By Brian Tucker
(originally published in Performer magazine)
October 8, 2009 – Reggie’s 42nd Street Tavern – Wilmington, NC
There’s a fine anomaly to White Tiger and the Bed of Roses, whose song titles are elegantly long-winded as the band’s eagerness to which they play them. The name is meaningless and perfect. Members have changed a few times since forming in 2007 but the largesse is still the same. Their album release show at Reggie’s was an example of an idea that won’t die and keeps mutating – a fiery band working onstage, one that played loud, hard, fast rock and roll.
White Tiger grinded rock ’n roll through a whiskey soaked punk filter that bore melodic and atypical changes, making great use of dual singers – guitarist Matt Hearn who alternated between guttural singing to outright screaming and bassist Adam Thompson who opened his mouth to scorch the room with a voice that shouldn’t come out of a guy who looked rife with schoolboy charm.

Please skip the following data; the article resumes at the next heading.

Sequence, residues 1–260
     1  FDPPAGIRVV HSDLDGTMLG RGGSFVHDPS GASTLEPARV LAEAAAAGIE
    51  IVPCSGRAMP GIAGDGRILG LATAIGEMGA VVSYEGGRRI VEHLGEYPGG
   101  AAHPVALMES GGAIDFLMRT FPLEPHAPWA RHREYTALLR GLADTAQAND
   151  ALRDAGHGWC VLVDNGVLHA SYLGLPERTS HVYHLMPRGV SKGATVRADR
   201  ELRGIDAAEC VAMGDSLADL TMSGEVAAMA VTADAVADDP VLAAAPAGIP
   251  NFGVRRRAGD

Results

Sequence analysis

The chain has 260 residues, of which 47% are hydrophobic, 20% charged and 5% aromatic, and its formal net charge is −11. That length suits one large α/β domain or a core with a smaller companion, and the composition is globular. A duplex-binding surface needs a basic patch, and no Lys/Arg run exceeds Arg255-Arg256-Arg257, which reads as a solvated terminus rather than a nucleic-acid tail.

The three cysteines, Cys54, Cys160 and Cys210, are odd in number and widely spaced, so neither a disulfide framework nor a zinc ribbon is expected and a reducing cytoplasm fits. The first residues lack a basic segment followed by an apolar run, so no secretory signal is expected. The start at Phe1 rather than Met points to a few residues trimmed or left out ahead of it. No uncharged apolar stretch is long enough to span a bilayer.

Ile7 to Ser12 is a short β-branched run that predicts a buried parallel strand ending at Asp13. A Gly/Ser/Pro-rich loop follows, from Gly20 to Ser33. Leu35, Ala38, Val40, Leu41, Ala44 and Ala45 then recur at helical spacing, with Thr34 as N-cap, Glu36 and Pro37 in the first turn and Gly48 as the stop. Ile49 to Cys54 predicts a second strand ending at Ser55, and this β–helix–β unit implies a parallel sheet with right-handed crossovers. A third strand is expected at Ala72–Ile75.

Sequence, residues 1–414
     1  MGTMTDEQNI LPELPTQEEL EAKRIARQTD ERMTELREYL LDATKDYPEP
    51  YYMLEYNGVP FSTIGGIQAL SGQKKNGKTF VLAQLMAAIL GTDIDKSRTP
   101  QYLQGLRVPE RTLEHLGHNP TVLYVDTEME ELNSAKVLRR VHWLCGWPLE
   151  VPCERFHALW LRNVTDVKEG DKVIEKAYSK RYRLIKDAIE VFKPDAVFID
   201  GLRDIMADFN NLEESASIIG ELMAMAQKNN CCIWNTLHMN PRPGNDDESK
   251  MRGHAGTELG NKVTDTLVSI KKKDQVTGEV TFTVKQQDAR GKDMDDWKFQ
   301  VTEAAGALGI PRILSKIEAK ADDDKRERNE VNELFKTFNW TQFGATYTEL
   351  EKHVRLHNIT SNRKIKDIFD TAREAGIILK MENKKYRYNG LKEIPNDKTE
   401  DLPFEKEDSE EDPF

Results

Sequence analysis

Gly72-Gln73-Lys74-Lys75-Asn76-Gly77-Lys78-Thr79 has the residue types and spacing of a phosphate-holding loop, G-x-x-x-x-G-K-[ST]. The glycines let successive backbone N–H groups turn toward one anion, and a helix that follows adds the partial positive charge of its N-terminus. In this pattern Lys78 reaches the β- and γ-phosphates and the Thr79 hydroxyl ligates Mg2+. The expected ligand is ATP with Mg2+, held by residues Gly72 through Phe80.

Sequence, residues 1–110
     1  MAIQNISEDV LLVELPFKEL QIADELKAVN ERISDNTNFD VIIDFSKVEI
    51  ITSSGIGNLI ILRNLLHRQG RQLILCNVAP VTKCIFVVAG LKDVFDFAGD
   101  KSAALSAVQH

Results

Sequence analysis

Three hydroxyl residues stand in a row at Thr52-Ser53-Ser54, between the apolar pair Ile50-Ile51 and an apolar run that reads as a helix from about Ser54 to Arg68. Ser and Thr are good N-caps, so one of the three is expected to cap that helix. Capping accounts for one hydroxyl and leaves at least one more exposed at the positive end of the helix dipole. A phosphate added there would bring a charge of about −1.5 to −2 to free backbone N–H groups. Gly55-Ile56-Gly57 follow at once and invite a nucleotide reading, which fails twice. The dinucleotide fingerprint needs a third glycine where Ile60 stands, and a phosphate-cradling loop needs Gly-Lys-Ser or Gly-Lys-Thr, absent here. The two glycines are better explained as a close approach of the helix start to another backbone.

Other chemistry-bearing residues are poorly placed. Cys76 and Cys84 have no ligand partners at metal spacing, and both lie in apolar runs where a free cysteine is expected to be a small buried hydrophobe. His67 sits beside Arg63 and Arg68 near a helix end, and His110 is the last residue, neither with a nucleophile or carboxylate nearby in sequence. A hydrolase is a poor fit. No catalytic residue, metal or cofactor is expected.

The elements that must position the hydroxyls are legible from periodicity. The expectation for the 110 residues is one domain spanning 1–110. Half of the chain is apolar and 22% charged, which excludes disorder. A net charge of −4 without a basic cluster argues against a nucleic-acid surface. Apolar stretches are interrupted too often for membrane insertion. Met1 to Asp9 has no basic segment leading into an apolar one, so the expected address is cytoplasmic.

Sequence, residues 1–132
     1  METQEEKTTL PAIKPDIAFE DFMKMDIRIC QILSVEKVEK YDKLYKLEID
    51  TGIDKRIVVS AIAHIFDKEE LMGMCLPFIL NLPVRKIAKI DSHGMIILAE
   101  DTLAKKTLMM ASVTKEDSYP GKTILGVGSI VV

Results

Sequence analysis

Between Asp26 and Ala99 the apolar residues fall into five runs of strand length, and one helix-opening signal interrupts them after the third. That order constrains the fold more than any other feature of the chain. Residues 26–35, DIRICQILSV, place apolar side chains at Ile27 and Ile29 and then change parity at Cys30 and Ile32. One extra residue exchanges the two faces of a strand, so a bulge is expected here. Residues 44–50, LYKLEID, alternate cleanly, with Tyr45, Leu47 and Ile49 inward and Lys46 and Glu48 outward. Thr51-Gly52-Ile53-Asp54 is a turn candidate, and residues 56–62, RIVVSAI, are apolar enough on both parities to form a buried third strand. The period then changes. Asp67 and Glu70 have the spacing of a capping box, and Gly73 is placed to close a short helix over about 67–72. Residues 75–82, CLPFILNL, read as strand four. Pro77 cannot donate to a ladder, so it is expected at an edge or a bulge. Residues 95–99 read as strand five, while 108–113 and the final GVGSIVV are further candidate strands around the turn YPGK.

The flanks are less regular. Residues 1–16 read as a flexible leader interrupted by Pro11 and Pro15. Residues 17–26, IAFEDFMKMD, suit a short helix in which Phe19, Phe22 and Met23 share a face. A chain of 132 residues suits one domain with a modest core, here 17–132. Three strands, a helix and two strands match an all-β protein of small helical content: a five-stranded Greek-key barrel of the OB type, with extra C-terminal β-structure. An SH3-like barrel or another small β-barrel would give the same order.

Thompson killed on the burner “Everyone Gets Retarded When They Get the Party Started” and continued with “Heroes & Legends.” “Flashlight” was a standout, a song whose singular guitar riff was like a siren going off and guitarist Ian Millard crammed in a heavy amount of frets along with a multiple note-filled solo. The songs were built on heavy riffs that whipped the crowd versus inviting them, drawing people in more. The excess hit like hard rock shot through a wood chipper into the crowd’s face.
“Here’s a love song,” Hearn said before “Playground Sadist.” His coarse-just-woke-up vocals boasted a don’t care attitude that fit the band’s sound. But it was “a power ballad” called “Windows” that was slightly out of character for them yet hinted at the band trying different moods, built on calculated descending riffs and a hint of surf guitar. The resulting boom and crash aesthetic worked well, albeit in a deliberately ragged fashion.